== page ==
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The Common Nighthawk is a medium-sized bird, with dark brown plumage mottled with black, white and buff. It has long, slender, pointed wings and a long slightly notched tail. The head is large and flat, with large eyes, a small bill, and a wide mouth. In flight, a white patch can be seen on the wings of the adults. Females can be distinguished from males by their throat band, which is pale yellow rather than white. The throat band on juveniles is mottled or absent. Adult males have a white tail band, which is lacking in most adult females.

Weight: 71 to 93 g (2.5 to 3.3 oz). Length: 21 to 25 cm (8 to 10 in).

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Common Nighthawks are found in the southern part of the Northwest Territories and through most of Canada.

Range map information

Common Nighthawks arrive in the Northwest Territories to breed in mid- May to early June. They nest in a variety of habitats such as sand dunes and beaches, open forests, forest clearings (including recently logged or burned areas), rocky outcrops, peat bogs, marshes, lakeshores, river banks, gravel areas (roads, quarries and flat gravel-covered roofs), and airports. Common Nighthawks lay on average two eggs directly on the soil, sand, gravel or bare rock. Chicks stay in the nest area for about three weeks and are primarily fed by the male. Fall migration to wintering areas in South America occurs from mid-August to mid-September.

Common Nighthawks are crepuscular, meaning they are most active at dawn and dusk. They actively pursue flying insects at dusk and dawn, often feeding on insects attracted to lights and insects swarming over bodies of water.

Common Nighthawks can be recognized by their loud, nasal "peent" calls and erratic, almost bat-like flight. Male Common Nighthawks perform spectacular booming courtship dives as part of mating and territorial displays. The booms are produced by air rushing through the feathers.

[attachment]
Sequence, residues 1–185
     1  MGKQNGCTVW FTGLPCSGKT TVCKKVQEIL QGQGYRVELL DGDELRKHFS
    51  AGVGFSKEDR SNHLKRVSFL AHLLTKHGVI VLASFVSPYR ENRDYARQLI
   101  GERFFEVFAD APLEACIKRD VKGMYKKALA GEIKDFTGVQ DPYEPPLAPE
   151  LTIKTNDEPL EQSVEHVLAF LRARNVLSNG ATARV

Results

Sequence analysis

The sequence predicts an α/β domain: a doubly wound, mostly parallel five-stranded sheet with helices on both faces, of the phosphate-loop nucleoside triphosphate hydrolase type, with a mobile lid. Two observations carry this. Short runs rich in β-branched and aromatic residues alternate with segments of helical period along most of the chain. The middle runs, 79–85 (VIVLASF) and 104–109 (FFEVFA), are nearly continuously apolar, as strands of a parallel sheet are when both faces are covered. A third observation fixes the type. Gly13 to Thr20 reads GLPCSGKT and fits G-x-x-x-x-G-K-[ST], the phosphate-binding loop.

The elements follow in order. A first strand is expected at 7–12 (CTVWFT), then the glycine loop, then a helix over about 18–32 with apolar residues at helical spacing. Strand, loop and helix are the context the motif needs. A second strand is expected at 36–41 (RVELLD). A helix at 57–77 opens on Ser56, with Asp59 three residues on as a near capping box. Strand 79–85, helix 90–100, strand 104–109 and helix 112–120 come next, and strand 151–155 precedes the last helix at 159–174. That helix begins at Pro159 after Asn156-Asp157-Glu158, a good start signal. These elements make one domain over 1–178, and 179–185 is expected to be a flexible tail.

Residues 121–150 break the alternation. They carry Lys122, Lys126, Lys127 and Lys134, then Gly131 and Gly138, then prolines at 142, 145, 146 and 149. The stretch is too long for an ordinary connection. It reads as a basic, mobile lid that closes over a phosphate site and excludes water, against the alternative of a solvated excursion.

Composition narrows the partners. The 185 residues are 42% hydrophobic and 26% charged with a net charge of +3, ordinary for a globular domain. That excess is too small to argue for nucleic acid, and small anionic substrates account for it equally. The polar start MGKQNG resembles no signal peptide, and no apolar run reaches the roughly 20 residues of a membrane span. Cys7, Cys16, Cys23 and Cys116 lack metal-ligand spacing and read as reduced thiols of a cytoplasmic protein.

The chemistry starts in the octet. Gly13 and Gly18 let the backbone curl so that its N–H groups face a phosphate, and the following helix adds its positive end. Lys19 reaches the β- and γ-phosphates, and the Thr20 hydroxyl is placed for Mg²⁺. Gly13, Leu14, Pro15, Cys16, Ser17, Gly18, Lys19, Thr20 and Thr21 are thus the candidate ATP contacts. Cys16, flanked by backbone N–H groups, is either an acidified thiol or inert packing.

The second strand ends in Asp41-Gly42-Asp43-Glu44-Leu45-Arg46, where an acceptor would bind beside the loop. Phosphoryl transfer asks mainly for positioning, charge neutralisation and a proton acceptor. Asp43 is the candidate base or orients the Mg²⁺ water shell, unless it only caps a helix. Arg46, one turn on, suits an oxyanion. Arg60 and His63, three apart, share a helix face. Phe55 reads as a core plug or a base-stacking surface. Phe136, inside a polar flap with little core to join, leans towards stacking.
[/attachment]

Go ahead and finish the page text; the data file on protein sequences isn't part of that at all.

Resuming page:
Like many other species of birds that feed on flying insects, the Common Nighthawk experienced declines of about 68% since the 1970s. The reasons for the declines are not well understood but they could be the impacts of multiple threats or cumulative effects affecting Common Nighthawks on their breeding grounds, wintering grounds, and during migration. A 16% increase was recently estimated in Canada over a ten year period (2009-2019). 

Potential threats in the Northwest Territories include collisions with motor vehicles and aircraft, large-scale decline or some other change in insect populations, and human activities resulting in declining food sources and increased numbers of predators. Direct and indirect mortality due to severe weather events (cold snaps), as well as habitat loss and degradation from human activities, are also potential threats.

COSEWIC assessed Common Nighthawk as Threatened in 2007 and Common Nighthawk was listed as Threatened under the federal Species at Risk Act (SARA) in 2010. In 2018, COSEWIC re-assessed Common Nighthawk as Special Concern because the rate of population decline has slowed over the past decade, although concerns remain about threats and the long-term decline. The SARA listed status was changed to Special Concern in 2023.

Common Nighthawks and their nests are protected under the federal Migratory Birds Convention Act. A national recovery strategy for Common Nighthawk is available on the federal Species at Risk Public Registry.

Dehcho North Slave / Tłı̨chǫ Sahtú South Slave